Details of the crash, which occurred in Medford township were not immediately known, the band said in a statement. Medford police did not immediately respond to a request for information on the crash.
Gentry was due to perform with his bandmate Eddie Montgomery on Friday evening at the Flying W Airport and Resort in Medford. Singer Montgomery did not appear to be involved in the incident.
When Montgomery Gentry, the duo made up of Eddie Montgomery and Troy Gentry, released their first album, Tattoos & Scars, in 1999, very little was known about the two men other than they were both from Kentucky and that Montgomery was the younger brother of ’90s superstar John Michael Montgomery.
But over the past 17 years, Montgomery Gentry have became one of the most successful acts in country music, selling millions of albums, charting more than 25 songs and ending Brooks & Dunn‘s eight-year run as the reigning CMA Awards Vocal Duo of the Year in 2000.
While Montgomery Gentry have far too many hits to list, SPY has pulled together our picks for our Top Tunes.
“If You Ever Stop Loving Me”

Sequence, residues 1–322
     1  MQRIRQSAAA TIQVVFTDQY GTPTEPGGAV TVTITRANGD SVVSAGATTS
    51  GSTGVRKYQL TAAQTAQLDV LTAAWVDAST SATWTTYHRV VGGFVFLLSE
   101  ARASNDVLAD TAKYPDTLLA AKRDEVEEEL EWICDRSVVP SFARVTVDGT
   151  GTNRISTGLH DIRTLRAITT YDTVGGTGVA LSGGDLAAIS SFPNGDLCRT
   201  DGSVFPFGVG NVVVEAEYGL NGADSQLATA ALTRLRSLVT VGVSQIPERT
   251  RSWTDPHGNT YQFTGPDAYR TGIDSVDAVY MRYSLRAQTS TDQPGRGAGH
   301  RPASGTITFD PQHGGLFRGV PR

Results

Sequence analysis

“If You Ever Stop Loving Me” was the debut single from Montgomery Gentry’s fourth studio album, and their first No. 1 hit. Written by hitmakers Rivers Rutherford, Tom Shapiro and Bob DiPiero, the song promises that any storm can be weathered as long as romance stays alive.
“I think Rivers and Tom and I were totally in the same place when we sat down to write this song,” DiPiero told The Boot. “We’re really unique individuals, and to have a wife and someone who gives day in and day out … we realized how lucky we are. I think we were all in that same universal space of ‘I’m all right, I’m okay / Ain’t nothing but another day / But only God knows where I’d be / If you ever stop loving me.’“
“Roll With Me”
Neither of the Montgomery Gentry guys wrote “Roll With Me” — the song was penned by Gary Hannan, Phil O’Donnell and Trent Willmon — but they both felt like the message of the song was one they could relate to. The pair knew that they could easily sing the lyrics “Back when a pitcher of beer and a couple shots made me bulletproof / Back when God was a name I used in vain to get a point across when I got ticked off / Lord, I’m learning so much more / Than back when I knew it all” every night.